Any peace deal ending the ten-year-old Syrian civil war will probably involve the Assads inheriting the remaining prisoners in the Hol camp. If that happens the Assads will eventually announce that nearly all the prisoners have been taken care of. For the Assads that means some deniable mass-murder via executions and lack of food and medical care. The prospect of this happening gives nations where the women and children are from one last chance to take them back or be held accountable for what happens next.
November 24, 2021:
In the east (Deir Ezzor province), near the Tanf /Walweed border crossing, four American guided rockets or missiles were fired from the American base near Tanf. The target was the camp of an Iran-backed militia responsible for recent attacks on the Tanf base. Syria, Russia and Iran all want the American Tanf base gone and their ground forces have tried to get close but are usually turned back by American airstrikes. Recent attacks used Iranian UAVs and rockets. The UAVs are used as cruise missiles, carrying explosives, and programmed to go to a GPS location, drop to the ground and explode. Iran has several local militias on the payroll that they use to carry out attacks. The Americans have controlled the Syrian side since 2017 while a pro-American Iraqi militia controls the Iraqi side. This is one of the three main Syria/Iraq border crossings and controls access to the main Baghdad-Damascus highway. The crossing is near where the borders of Jordan, Syria and Iraq meet.
In central Syria (Homs province) an Israeli airstrike hit an Iranian facility, killing two and wounding at least a dozen people.
November 22, 2021:
In central Syria (Homs province) Iranian forces are leaving the T4 airbase
for the Shayrat airbase further south in Homs. Shayrat is considered safer for Iranian forces because it is regularly used by Russian aircraft and better defended than T4. The movement is being carried out using individual heavy trucks or small convoys of no more than five vehicles. At T4 the targets were the Iranian training areas and weapons warehouses. The Israeli attacks are launched from jets flying over the areas just outside Syria. Air-to-surface missiles are used and some are intercepted by Syrian S-200 SAMs (Surface-to-Air missiles) that have less success against Israeli fighters.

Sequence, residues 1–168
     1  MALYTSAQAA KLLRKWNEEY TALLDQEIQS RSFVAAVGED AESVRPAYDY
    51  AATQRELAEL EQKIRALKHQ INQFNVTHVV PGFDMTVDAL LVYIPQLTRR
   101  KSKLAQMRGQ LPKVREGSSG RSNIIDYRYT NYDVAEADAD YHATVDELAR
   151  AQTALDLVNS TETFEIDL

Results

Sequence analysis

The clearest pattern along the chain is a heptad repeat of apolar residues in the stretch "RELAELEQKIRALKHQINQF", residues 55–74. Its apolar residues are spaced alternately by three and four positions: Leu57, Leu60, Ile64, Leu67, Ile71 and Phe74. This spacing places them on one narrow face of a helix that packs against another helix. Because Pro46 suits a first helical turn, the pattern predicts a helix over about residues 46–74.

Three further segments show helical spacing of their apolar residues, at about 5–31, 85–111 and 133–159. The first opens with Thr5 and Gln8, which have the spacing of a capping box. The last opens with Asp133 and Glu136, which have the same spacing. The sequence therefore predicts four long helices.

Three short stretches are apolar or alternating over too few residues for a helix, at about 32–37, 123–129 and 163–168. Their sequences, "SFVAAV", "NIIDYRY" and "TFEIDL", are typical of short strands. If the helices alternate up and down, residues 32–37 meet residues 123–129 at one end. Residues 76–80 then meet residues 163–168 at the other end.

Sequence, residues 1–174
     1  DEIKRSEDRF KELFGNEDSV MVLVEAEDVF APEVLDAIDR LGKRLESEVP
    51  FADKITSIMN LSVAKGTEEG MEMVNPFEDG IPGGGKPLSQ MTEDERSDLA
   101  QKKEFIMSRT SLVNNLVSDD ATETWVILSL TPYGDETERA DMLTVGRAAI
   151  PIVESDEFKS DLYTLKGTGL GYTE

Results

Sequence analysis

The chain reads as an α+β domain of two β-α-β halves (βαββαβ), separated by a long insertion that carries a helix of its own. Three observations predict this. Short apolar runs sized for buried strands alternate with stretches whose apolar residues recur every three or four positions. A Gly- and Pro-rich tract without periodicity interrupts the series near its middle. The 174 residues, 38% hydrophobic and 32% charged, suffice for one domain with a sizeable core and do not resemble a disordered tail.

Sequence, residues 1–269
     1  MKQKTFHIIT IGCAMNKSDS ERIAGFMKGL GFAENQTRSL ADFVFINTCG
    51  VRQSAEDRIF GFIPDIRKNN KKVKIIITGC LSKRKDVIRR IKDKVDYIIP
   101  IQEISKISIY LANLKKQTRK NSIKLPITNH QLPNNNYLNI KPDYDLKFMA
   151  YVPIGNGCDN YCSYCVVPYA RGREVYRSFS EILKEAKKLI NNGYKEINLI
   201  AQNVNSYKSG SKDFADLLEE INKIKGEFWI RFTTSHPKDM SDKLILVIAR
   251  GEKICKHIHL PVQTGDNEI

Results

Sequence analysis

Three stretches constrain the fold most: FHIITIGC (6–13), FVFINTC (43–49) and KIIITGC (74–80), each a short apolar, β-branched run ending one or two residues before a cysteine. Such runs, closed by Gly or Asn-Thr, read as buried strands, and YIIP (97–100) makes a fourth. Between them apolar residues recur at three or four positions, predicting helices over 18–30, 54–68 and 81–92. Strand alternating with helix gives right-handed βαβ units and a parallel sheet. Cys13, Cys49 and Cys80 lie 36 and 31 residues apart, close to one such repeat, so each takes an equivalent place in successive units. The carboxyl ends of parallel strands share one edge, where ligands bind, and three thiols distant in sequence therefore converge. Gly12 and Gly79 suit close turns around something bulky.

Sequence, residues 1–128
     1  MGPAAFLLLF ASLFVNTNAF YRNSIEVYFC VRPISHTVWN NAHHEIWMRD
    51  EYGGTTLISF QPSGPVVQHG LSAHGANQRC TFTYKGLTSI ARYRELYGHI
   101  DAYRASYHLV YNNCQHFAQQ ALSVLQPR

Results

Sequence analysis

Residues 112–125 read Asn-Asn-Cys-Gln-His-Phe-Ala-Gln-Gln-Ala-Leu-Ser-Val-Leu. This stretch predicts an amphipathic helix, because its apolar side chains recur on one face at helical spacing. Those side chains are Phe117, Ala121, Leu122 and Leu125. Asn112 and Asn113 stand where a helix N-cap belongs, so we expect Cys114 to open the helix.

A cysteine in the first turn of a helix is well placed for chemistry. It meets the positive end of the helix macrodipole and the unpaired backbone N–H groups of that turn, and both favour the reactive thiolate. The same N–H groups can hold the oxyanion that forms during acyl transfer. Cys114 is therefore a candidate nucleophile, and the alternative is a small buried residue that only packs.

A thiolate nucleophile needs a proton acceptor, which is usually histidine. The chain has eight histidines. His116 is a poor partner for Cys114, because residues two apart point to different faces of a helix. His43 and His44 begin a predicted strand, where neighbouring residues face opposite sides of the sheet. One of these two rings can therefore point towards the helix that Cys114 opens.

The T4 airbase, near the ancient ruins of
Palmyra, has been hit at least three times a year since 2018. T4 is the largest airbase in Syria and Iran has constantly built new structures for storing weapons and housing personnel, usually to replace buildings destroyed by the air strikes. T4 is where Iran moved its UAV operations in 2018 after its original UAV base in Syria was destroyed by an Israeli airstrike.
In the north (Aleppo province) Turkish and Russian forces have resumed their joint patrols near the largely Kurdish town of Kobane (Kubani). This is an effort to reduce clashes between the Turkish and SDF forces.
November 15, 2021: